What is a Jersey Barrier?
A Jersey barrier or Jersey wall is a modular concrete or plastic barrier employed to separate lanes of traffic, delineate a construction area or mark off a pedestrian zone. They are designed to minimize vehicle damage in cases of incidental contact and prevent the crossover case of a head-on collision on a road or highway. Jersey barriers can be setup in a temporary, semi-permanent or permanent configuration. Some military and federal installations use them to protect against suicide vehicle bombs. Temporary traffic barriers can be set up using either a concrete or plastic water filled barrier.
Why Do I See These Barriers Everywhere?
These innocuous looking concrete barriers have been designed to redirect a crash, using the car’s momentum to absorb the impact and slide the vehicle up parallel along the side of the barrier to prevent a rollover. The barrier was purposely designed to minimize damage in accidents and reduce the likelihood of a car crossing into oncoming lanes in the event of a head-on collision. They have been adopted by highway departments throughout the United States and throughout the world. Their use in road construction has led to wide application as a generic, portable barrier during construction projects. They are also used on bridges and carpool lanes to temporarily reroute a heavy flow of traffic.
How Do I Place and Move Concrete Jersey Barriers?
Most barriers are designed with two rectangular notches at the bottom that allow for a forklift-style lift. Barriers meant for short-term placement—especially in military and security barrier uses can be outfitted with steel rebar loops embedded in the top surface for a rapid hook-and-cable lift.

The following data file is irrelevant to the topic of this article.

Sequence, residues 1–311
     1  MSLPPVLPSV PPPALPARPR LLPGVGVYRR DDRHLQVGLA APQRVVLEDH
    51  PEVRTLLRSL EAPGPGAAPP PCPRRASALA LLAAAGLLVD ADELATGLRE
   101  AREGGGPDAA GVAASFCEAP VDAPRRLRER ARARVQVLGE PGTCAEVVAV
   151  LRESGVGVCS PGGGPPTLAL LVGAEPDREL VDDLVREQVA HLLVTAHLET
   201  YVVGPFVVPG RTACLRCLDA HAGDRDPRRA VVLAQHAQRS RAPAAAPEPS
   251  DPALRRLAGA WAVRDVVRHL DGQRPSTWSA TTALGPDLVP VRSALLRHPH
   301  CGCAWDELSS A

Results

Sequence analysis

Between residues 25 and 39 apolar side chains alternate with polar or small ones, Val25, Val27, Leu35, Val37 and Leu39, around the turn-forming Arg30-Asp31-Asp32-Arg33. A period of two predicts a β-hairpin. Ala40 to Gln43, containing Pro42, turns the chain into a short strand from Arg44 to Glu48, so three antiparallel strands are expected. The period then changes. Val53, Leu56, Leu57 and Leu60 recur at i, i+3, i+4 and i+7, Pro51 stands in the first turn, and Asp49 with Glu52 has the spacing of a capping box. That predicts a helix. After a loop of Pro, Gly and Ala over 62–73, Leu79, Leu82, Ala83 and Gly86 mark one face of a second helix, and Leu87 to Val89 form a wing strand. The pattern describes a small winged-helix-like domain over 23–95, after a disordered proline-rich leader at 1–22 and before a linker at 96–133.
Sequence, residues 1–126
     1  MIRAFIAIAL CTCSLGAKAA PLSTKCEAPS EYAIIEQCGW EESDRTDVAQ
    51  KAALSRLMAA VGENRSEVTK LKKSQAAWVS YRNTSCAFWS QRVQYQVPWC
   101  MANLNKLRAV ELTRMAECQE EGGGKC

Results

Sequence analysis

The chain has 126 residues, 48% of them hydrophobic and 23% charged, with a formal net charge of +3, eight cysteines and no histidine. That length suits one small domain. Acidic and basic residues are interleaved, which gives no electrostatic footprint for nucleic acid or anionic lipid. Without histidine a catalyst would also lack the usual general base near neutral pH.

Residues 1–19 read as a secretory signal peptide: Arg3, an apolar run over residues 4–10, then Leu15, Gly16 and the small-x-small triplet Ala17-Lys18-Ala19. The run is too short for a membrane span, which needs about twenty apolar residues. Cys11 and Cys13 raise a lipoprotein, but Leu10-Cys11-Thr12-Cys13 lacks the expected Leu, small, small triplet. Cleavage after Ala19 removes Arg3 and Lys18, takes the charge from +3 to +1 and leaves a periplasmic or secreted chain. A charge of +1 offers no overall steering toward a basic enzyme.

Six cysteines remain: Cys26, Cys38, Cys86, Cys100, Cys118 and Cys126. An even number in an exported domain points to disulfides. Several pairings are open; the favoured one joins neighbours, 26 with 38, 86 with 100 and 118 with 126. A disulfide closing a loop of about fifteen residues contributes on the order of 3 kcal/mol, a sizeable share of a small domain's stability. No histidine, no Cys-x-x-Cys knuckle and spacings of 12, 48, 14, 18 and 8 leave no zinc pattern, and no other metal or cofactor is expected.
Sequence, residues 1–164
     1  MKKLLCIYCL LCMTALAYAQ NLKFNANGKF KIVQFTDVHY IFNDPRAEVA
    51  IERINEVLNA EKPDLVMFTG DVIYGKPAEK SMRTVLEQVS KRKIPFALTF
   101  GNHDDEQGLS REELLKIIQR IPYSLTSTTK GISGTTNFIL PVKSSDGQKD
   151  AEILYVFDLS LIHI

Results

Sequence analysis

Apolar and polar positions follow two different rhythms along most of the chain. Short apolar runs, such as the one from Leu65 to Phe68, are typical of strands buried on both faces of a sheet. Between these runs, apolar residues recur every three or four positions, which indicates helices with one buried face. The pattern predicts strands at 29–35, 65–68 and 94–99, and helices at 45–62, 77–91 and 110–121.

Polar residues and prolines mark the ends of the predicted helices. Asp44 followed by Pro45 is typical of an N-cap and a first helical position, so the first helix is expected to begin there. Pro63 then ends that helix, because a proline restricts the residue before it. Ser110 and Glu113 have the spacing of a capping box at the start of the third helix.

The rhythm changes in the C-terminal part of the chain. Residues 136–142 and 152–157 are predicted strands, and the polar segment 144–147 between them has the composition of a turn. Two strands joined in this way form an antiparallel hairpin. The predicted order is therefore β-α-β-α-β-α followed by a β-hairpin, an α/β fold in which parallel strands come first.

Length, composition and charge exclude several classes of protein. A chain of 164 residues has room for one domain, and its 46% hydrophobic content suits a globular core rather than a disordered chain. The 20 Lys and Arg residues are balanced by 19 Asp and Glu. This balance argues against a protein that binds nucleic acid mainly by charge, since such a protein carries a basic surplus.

Are Jersey Barriers Suitable for Security Purposes?
Concrete Jersey Barriers have been used by Government and the Military to provide a higher level of security around a facility or base. For high security events, like summits, they are placed around an area and steel wire fencing is secured to them. The fence used on the barrier can prevent protesters climbing over the barriers around a security zone. The U.S. military uses them to prevent truck bomb attacks and they are placed in widespread use around military installations.
What About Plastic Jersey Barriers?
Hollow polyethylene barriers have been developed for short-term applications where portability is important. These plastic barriers are normally filled with water after placement on-site to provide a moderate level of crash protection. They are not designed to deflect vehicles, but can absorb the impact of the crash. A few are rated for highway use and crash prevention. These barriers can also be filled with soil, spill, or concrete to produce a heavier barrier with greater crash protection, at the cost of reduced portability. In cold weather climates the water is mixed with anti-freeze to prevent the water from freezing and cracking.
There are a lot of advantages of Using Plastic Jersey Barriers. They can be filled with water for maximum durability and security. When they are empty, water-fillable barriers are easily transported, making them the ideal barricade for short term projects. They are available in several colors for increased visibility and safety.
Small jobs or short-term projects often can't justify the cost of concrete Jersey barriers. In these cases, Plastic Jersey highway barriers save you time and money, because they can be moved easily – no trucks or cranes are needed. Plastic Jersey barriers are also economical because they can be re-used for road projects, construction areas, special events, emergencies and other situations. You can also keep an area or construction zone private and secure with the use of a steel fence on these water filled barriers. The steel fence provides an imposing and secure barrier for unwanted entries and provides excellent security and visibility.
The high end water filled barrier is reinforced with stranded steel cables and is an NCHRP 350 TL-3 certified work zone crash barrier that can be used as an alternative to cumbersome concrete barriers in a construction work zone. They have been tested and have passed all TL-2 and TL-3 light and heavy vehicle impacts at 45 and 62.5 mph. The cables prevent the impacting vehicle from penetrating the barrier wall and into the work zone or on-coming traffic.
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